Tech mobiles are popping up in big cities as well as small, narrowing the digital divide for underserved communities. These tech mobiles offer a variety of resources including classes, Wi-Fi access, computers for the homeless to apply for jobs, opportunities for youth to mess around with technology, as well the ability for patrons to borrow Wi-Fi hotspots to take home. As the advent of technology becomes more and more a regular part of our lives and a requirement for schools, it’s imperative to provide the same opportunities for everyone in order to be able to become modern twenty-first century learners and professionals.
Schools, churches, individuals like Ms. Estella and her Brilliant Bus, as well as public libraries are on the forefront of introducing these services to communities, but it’s really public libraries that can take advantage of this as an opportunity to better their community and do something special. This is a chance to partner with other groups and corporations, such as Best Buy or local organizations, that can bring in money, supplies, and mentors for patrons to really help add to the tech lab/mobile lab experience. And public libraries are in the unique position to receive subsidies for providing this service. The article “Can ed-tech inequality be solved by roving buses with Wi-Fi and loads of equipment?” discusses this in context with comparing programs that schools are now starting to provide as well as outside groups like the City of Chicago’s Destination: Chicago Mobile Van which is run through the Digital Youth Network. “Federal e-rate subsidies for educational Internet can’t be used for buses or other off-campus applications. Oddly enough, bookmobiles are eligible for e-rate, because they’re considered a mini branch of the library.”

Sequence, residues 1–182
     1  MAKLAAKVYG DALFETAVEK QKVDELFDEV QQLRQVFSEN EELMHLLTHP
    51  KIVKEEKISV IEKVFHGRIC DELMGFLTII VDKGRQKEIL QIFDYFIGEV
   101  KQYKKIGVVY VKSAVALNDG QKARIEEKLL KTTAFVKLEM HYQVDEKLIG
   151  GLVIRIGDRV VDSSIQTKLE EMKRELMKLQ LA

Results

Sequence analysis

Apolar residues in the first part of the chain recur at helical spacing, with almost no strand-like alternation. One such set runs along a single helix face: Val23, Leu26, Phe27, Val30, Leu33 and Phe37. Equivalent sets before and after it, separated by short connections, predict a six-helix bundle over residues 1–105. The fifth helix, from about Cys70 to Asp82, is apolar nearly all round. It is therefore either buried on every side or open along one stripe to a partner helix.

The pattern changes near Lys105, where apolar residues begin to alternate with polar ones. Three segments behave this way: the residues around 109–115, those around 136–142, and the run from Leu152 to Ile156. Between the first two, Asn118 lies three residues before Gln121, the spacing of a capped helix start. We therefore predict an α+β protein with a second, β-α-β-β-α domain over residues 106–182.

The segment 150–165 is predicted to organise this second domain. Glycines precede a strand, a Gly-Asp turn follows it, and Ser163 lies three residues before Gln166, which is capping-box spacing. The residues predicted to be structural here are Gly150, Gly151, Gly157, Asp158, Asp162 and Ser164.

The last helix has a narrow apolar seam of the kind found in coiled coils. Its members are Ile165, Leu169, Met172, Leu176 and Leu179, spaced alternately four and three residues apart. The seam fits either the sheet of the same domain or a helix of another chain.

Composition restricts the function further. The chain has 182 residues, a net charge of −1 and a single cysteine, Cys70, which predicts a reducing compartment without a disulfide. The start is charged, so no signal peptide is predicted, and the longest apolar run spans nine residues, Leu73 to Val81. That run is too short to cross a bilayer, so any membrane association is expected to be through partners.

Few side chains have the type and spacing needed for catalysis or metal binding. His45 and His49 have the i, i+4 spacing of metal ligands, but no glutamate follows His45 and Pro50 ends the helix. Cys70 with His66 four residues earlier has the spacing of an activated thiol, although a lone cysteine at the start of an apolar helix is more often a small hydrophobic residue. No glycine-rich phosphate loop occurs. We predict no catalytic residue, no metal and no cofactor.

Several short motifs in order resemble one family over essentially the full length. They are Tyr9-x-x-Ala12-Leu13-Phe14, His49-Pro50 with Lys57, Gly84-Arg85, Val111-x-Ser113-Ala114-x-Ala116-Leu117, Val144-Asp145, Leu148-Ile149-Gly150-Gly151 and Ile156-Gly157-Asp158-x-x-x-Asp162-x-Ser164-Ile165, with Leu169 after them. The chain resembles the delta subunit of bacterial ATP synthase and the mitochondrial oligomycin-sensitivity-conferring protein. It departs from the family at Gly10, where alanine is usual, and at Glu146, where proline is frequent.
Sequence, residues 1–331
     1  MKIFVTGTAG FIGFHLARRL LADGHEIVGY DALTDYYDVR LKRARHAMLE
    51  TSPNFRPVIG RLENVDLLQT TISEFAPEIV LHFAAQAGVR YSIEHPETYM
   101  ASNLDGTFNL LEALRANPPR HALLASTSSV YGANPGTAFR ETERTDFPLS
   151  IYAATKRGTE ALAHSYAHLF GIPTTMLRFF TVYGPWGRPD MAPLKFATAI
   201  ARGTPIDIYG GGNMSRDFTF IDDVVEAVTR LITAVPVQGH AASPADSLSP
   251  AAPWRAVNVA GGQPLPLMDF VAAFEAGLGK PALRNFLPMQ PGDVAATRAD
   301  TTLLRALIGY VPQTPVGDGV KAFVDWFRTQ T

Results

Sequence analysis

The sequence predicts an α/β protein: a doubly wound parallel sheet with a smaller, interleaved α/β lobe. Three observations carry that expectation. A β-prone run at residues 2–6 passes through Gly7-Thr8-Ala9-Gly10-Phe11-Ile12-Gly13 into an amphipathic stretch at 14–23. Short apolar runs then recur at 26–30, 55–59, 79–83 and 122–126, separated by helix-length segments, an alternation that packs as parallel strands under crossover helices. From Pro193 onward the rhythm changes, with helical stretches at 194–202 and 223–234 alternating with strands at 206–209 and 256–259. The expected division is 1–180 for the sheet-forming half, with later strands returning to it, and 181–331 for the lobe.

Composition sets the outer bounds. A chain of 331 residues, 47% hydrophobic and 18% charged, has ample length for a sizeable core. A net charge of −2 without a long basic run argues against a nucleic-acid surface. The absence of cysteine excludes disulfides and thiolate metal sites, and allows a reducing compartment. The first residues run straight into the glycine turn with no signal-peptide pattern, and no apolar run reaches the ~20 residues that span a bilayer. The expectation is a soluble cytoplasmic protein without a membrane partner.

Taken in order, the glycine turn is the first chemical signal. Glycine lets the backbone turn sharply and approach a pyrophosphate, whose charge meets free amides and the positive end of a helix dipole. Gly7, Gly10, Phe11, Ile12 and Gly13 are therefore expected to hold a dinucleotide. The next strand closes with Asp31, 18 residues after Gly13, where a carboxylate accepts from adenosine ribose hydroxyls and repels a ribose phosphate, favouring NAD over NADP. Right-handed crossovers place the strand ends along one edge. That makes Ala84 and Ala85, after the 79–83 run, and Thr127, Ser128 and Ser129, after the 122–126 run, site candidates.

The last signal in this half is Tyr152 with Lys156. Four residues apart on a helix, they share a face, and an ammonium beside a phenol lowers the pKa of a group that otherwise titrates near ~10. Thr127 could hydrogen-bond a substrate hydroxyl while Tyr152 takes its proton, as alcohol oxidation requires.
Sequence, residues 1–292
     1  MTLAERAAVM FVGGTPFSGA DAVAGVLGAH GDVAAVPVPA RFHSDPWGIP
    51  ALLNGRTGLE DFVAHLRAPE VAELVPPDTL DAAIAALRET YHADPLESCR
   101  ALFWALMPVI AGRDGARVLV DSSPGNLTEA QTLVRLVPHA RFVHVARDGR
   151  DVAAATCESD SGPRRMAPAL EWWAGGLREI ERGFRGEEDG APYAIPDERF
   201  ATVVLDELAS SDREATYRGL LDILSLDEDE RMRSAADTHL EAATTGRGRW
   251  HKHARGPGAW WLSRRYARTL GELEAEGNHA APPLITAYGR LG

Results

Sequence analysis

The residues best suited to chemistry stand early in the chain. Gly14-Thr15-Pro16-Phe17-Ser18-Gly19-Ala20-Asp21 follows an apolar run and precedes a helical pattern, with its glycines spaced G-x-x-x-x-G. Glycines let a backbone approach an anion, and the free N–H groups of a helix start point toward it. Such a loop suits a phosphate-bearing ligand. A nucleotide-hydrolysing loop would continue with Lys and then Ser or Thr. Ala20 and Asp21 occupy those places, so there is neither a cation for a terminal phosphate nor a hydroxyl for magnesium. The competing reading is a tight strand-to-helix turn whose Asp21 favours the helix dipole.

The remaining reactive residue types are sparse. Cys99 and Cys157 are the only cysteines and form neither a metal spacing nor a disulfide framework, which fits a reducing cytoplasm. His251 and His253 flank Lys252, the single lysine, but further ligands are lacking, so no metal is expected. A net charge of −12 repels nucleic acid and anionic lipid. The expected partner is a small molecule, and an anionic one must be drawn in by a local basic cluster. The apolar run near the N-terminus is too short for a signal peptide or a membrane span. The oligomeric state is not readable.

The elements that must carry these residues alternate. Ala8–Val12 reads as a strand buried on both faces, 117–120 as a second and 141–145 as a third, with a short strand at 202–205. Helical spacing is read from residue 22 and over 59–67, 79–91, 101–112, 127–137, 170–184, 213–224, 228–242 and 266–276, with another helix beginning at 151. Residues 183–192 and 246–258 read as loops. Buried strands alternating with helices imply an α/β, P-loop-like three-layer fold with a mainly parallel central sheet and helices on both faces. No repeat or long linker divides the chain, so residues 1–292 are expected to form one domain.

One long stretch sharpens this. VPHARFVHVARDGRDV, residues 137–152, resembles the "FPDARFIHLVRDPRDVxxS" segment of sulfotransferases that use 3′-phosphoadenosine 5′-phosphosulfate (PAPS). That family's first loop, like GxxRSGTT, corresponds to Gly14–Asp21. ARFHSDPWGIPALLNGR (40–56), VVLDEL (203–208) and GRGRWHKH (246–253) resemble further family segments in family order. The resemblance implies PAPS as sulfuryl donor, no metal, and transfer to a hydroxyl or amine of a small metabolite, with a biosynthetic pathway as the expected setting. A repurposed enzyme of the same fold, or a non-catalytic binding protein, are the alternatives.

This seems like a great time for public libraries to bust out the old bookmobiles and revamp them for the modern digital age. Although this service may not be green in the long run and can be very expensive, it’s a hole for public libraries to fill before hopefully access to the Internet becomes more of a utility like water or gas for all Americans. Examples of public libraries using mobile labs to their benefit include the San Francisco Public Library’s Techmobile that offers classes ranging from Basic Computer Skills, to Intro to 3D Printing and LEGO Robotics. Kokomo, Indiana has a bookmobile that beams out free Internet in low-income neighborhoods, and in Providence, Rhode Island, their bookmobile loans out 4G mobile hotspots. This is so important when we have what the ed-tech inequality article discusses as “technology deserts” in lower income neighborhoods that often hold minority or immigrant residents. And it’s a great way to connect with and get those patrons to come to the actual library once they understand the types of assets that the public space can provide them. Beyond that, it’s an opportunity for public libraries to advertise just how important and pertinent they still are in these modern times.
Berdik, Chris. “Can Ed-tech Inequality Be Solved By Roving Buses With Wi-Fi and Loads of Equipment?” The Hechinger Report. Last modified October 21, 2015.